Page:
# Intermediate Concepts: Building discrete transistor gates

[Simon Inns] has put together a lesson in digital logic which shows you how to build your own gates using transistors. The image above is a full-adder that he fabricated, then combined with other full adders to create a 4-bit computer.

Don’t know what a full adder is? That’s exactly what his article is for, and will teach you about binary math and how it is calculated with hardware. There’s probably at least a week’s worth of studying in that one page which has been further distilled into the five-minute video after the break. Although building this hardware yourself is a wonderful way to learn, there’s a lot of room for error. You might consider building these circuits in a simulator program like Atanua, where you can work with logic gate symbols, using virtual buttons and LEDs as the outputs. Once you know what you’re doing with the simulator you’ll have much more confidence to start a physical build like the one [Simon] concocted.

Finding this project a little too advanced? Check out our Beginner Concepts articles to help get you up to speed.

[Thanks Bluewraith]

## 20 thoughts on “Intermediate Concepts: Building discrete transistor gates”

1. mike says:

Um, I think you mean *discrete. A discreet one would be smaller for starters….

2. Ed says:

discreet? Must try harder

3. cakebrain says:

%s/discreet/discrete/g

4. Doomstalk says:

My circuits always operate with the utmost discretion!

5. I just love it when “dipwads” can’t think of anything better to comment!
I built one, that was after I hand wound a LOT of relays to build a 4 bit computer, THEN I “discovered” DTL (that’s diode transistor logic for the kids)

A “while” later THAT fateful article in Popular Electronics came out with the Altair 8800.
Getting components “down under” was a biych in those days, let alone circuit boards from US magazines, so I built one, on vero board.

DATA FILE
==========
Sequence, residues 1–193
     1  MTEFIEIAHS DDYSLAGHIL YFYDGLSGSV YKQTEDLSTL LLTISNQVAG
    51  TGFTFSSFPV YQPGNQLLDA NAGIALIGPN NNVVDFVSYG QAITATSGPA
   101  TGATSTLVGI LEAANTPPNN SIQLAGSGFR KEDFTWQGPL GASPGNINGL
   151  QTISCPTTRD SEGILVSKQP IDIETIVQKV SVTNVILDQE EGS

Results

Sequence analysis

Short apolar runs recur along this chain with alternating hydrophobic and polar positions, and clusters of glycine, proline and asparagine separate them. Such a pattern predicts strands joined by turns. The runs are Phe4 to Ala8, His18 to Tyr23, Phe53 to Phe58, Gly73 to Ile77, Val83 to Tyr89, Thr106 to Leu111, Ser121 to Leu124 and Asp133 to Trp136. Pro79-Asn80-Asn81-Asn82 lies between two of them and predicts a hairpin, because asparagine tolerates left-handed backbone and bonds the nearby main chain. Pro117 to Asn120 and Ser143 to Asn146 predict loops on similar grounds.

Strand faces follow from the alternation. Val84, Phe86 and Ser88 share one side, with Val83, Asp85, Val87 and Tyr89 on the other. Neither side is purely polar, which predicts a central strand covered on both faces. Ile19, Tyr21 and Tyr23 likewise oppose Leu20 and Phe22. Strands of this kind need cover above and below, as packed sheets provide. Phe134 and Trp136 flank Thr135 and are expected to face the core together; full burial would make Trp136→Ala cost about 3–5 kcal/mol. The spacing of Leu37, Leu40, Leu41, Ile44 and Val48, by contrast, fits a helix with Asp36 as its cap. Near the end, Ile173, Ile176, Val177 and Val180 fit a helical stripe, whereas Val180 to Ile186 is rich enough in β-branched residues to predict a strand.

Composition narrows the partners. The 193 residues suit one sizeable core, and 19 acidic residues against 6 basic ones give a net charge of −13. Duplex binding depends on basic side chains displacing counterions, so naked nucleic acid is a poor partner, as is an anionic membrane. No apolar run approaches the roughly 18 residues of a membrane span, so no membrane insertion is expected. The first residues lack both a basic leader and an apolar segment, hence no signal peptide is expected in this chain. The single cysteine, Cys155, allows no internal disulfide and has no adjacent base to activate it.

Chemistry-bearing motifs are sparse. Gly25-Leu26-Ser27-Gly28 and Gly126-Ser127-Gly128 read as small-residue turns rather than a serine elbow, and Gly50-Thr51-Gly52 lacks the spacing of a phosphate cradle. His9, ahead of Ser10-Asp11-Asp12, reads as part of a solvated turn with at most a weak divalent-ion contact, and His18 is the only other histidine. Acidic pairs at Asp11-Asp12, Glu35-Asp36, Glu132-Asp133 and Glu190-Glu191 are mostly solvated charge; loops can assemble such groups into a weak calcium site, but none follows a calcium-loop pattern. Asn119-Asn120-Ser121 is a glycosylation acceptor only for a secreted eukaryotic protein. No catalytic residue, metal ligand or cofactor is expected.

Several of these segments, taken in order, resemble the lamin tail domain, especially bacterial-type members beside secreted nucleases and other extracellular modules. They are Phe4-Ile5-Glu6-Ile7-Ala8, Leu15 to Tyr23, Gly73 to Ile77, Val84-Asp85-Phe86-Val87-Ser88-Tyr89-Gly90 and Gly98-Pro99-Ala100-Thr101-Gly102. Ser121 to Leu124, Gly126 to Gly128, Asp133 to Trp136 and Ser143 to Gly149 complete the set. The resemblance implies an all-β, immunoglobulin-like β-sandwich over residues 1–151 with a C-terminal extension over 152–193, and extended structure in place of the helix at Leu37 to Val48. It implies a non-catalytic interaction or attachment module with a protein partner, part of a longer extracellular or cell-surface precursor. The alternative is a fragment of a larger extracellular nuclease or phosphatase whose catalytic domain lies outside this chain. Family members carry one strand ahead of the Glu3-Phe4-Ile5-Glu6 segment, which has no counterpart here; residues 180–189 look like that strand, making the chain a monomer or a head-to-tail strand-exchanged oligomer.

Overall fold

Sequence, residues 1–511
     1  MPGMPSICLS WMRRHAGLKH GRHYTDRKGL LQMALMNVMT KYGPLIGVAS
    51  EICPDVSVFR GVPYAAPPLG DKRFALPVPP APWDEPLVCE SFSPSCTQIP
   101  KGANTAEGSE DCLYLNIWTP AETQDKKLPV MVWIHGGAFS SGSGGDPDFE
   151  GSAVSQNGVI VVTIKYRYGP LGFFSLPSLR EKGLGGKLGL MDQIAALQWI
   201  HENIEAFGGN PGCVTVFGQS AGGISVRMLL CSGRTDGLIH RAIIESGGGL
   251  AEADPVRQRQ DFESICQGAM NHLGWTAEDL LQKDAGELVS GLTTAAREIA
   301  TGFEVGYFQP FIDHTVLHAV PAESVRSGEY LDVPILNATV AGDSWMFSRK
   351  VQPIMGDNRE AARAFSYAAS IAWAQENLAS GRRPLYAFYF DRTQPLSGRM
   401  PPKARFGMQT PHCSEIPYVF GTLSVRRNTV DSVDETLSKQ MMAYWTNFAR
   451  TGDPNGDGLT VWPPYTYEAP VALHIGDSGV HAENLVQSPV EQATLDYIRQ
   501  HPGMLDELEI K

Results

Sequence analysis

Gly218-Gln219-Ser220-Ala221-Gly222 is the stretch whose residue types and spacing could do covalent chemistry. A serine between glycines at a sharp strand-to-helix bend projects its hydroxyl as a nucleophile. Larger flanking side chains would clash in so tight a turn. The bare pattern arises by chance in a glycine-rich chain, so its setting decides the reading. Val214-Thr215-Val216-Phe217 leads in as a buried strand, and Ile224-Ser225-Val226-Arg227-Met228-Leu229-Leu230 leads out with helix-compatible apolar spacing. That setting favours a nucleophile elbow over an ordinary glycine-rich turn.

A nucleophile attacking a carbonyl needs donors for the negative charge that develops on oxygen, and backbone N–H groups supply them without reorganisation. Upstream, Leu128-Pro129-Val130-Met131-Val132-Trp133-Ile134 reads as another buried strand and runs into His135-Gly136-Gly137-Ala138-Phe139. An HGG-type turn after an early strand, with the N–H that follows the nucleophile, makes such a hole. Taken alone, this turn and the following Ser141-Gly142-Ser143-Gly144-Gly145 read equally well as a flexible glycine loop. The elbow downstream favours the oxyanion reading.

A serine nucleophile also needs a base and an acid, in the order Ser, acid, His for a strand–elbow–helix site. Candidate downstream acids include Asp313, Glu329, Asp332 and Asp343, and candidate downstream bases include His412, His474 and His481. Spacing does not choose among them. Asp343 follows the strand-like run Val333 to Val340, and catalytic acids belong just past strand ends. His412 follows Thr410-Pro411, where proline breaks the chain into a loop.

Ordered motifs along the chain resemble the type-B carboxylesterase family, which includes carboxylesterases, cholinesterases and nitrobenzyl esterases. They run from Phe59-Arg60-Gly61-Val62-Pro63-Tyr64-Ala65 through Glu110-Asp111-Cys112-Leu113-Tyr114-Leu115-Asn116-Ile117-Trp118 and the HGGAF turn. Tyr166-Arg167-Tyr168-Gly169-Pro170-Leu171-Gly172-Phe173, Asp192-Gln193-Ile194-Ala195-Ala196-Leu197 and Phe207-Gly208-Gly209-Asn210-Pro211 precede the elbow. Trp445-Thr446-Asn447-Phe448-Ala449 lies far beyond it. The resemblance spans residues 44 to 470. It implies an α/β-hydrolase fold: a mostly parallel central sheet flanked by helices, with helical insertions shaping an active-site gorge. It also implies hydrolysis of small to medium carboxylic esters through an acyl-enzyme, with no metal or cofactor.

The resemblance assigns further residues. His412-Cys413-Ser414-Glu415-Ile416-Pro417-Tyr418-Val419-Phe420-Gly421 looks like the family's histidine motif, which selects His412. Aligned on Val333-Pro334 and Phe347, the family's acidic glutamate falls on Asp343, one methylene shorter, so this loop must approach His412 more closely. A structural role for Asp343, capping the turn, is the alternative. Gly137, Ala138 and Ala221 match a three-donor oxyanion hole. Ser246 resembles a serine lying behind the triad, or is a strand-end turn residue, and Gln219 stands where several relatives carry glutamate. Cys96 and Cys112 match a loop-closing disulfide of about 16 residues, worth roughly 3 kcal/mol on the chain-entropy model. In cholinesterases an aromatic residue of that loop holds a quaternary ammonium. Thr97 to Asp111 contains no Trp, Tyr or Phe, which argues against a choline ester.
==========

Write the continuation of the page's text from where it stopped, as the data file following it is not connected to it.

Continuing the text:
My point is where were are now, typing dumb ass comments across the world wide web, came from hackers, hacking, long and hard over many, many sleepless nights.

So kudo’s to this guy!
And screw the rest of you!

6. l0l says:

Just took a course on the basics of digital technology at the university, it was mainly theoretic so it’s nice seeing the gates build in real life, with transistors.

7. moep says:

Why no CMOS FET-Transistors?

8. strider_mt2k says:

9. engineersteve says:

Usually logic gates made with this topology use FET’s. The reason you wouldn’t use BJT’s like this is that the logic levels aren’t constant for a range of inputs, this is more of an amp then a gate. Take for example a long cascade of these AND gates with the all inputs tied high. The first gate gets 5V at its input, but the next gate gets less because some voltage is lost over the collector-emitter of the BJT. Because the next gate gets less than 5V, its base current and therefore emitter current, is less, causing a lower output voltage then the previous stage. The gate output will eventually get so low as to not turn on the base-emitter of the next gate. With a real gate, the cascade can go on for ever, as long as you obey fanout limits. Wikipedia RTL or TTL for correct implementations.

10. Franklyn says:

11. AmX says:

The big-endian story is wrong.

Endianness is about the order of the bytes (or more correctly, individually addressable units of information) within a word (which is the unit the ALU of the processor is able to work with).